Following the initial shock of her diagnosis and the strain of facing treatments on her own, Barbara was faced with yet another hurdle. Her arm surgery had left it nearly immobile. Not only was this a problem for her daily functioning, it made it extremely difficult for Barbara to pursue her lifelong passion of art. “My arm had no strength, I couldn’t even write my name,” says Barbara. “I had to ask myself if I was ever going to be able to draw or paint again.”
Starting from scratch, Barbara slowly taught herself to hold a pencil and, more recently, a paintbrush. She started by simply writing her own name, then started doodling with magic markers. Progress was difficult, and at times even painful, but Barbara found a way to create her art.
One day, while on the phone with her doctor, Barbara sketched a character who would unexpectedly end up defining much of her recovery. “I was on hold with my doctor and I just happened to make a little sketch of this funny lady with funky hair and crazy shoes!”
The character, who she coined Mrs. Puddingface, became an instant hit among her circle of family and friends. Every couple of days Barbara would share a new drawing of Mrs. Puddingface on her Facebook and Instagram, accompanied by a quirky caption. Her online circle quickly became enthralled by Mrs. Puddingface and looked forward to seeing what was on her mind or what she’d do next.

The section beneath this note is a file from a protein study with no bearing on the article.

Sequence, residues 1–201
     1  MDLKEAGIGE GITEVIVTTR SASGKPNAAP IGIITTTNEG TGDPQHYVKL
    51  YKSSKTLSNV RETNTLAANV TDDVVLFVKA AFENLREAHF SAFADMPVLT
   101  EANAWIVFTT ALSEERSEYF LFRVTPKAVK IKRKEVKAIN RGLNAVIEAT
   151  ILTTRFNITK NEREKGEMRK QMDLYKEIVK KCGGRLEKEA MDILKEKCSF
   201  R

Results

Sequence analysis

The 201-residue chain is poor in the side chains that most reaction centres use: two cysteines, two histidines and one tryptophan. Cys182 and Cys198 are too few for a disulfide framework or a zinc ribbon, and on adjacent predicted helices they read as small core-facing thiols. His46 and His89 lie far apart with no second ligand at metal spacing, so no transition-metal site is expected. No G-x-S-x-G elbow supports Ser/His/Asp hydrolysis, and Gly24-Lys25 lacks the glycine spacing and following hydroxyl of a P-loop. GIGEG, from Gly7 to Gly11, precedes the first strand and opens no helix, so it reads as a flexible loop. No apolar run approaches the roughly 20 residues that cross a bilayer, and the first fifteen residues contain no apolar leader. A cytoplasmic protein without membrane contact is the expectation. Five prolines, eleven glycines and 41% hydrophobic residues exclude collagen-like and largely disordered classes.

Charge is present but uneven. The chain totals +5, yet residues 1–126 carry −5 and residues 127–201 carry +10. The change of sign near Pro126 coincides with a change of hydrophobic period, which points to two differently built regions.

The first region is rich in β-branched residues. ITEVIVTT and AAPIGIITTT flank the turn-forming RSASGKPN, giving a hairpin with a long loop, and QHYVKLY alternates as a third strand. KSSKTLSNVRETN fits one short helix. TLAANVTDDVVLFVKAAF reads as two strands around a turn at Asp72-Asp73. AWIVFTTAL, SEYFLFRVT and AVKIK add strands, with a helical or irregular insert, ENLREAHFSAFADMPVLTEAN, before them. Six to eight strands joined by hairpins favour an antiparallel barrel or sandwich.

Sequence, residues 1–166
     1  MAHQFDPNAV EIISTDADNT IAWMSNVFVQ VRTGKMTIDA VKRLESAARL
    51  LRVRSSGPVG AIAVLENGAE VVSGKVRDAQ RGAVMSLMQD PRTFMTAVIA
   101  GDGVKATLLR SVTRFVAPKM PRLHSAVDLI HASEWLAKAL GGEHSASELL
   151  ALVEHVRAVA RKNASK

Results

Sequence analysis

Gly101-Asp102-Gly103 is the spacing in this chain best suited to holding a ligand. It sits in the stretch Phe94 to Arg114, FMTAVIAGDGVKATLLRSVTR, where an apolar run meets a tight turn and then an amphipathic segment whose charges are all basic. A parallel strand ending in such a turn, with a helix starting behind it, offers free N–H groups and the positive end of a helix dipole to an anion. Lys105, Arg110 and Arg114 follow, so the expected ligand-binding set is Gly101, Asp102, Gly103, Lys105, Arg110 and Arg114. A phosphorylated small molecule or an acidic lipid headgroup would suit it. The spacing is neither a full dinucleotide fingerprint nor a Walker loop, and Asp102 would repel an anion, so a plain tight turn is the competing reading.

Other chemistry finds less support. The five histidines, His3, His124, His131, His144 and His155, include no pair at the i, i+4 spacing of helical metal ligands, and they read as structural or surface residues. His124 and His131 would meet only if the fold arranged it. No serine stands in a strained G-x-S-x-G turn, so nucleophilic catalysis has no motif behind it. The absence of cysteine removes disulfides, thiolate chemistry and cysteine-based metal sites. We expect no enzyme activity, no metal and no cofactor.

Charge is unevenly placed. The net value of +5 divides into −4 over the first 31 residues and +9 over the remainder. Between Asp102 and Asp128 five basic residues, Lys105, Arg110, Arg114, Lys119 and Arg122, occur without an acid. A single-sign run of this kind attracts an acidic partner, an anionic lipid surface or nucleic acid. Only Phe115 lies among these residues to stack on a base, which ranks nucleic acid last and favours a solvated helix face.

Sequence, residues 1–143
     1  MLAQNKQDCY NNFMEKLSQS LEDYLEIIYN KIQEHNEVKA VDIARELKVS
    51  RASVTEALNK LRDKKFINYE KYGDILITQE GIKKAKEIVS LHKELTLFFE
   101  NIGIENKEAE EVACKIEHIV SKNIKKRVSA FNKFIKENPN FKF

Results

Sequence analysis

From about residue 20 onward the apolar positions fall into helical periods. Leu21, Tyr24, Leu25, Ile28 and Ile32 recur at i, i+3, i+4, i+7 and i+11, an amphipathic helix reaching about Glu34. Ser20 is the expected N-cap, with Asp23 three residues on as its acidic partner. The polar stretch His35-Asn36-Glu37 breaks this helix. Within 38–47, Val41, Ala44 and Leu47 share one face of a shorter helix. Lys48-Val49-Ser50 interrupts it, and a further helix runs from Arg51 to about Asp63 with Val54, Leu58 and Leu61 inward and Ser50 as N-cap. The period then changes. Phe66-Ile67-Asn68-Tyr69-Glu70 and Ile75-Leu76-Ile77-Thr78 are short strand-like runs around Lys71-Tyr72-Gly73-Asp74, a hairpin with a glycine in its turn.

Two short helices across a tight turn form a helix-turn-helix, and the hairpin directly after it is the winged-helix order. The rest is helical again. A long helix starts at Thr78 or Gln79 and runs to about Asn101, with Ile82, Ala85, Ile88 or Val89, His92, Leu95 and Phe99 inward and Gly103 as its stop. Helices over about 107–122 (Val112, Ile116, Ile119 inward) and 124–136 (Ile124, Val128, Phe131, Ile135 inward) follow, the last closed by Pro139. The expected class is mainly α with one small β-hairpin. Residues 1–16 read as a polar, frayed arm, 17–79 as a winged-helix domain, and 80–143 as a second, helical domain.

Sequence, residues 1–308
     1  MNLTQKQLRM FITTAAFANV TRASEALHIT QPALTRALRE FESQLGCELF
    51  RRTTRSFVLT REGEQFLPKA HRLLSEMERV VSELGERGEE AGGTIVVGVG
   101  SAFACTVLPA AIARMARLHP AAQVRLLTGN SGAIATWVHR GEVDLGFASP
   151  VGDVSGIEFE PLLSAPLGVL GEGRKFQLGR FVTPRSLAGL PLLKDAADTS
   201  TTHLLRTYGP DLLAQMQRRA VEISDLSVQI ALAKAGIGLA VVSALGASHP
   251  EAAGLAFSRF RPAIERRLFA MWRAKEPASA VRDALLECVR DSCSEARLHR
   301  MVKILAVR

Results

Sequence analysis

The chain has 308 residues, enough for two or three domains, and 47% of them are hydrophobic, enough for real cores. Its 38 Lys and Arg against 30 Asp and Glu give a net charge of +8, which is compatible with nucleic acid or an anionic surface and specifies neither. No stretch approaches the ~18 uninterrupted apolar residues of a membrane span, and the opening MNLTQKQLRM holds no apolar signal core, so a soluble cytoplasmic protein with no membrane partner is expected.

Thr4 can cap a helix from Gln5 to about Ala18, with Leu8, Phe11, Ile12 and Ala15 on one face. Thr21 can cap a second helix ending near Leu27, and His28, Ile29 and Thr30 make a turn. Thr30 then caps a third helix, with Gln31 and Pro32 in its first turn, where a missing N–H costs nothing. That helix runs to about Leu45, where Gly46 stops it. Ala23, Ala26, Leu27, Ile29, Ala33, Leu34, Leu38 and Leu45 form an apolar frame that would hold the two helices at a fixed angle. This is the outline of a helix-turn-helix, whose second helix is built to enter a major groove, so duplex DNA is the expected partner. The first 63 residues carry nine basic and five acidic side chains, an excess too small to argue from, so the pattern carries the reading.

For Barbara, Mrs. Puddingface became an alter ego. When she first began her sketches, she didn’t realize how much of herself she would pour into Mrs. Puddingface. But with her melanoma diagnosis, treatment, and the isolation imposed by COVID-19 – Mrs. Puddingface became an important outlet and means of communicating with her loved ones. “It started off simple, like a sketch of her having a cup of coffee,” says Barbara. “But then it got a little more involved, and I started letting people into my psyche through my sketches of her.”
All of the hard work and time put into sketching Mrs. Puddingface was helping Barbara rehabilitate her arm, but also her mind. “When I draw I have to be relaxed and in the moment. I can’t be thinking about anything else or I’m not creative.” Through Mrs. Puddingface, Barbara found an outlet to let her process her feelings, channel her energy, and a way to briefly escape the pressures and stress of her diagnosis.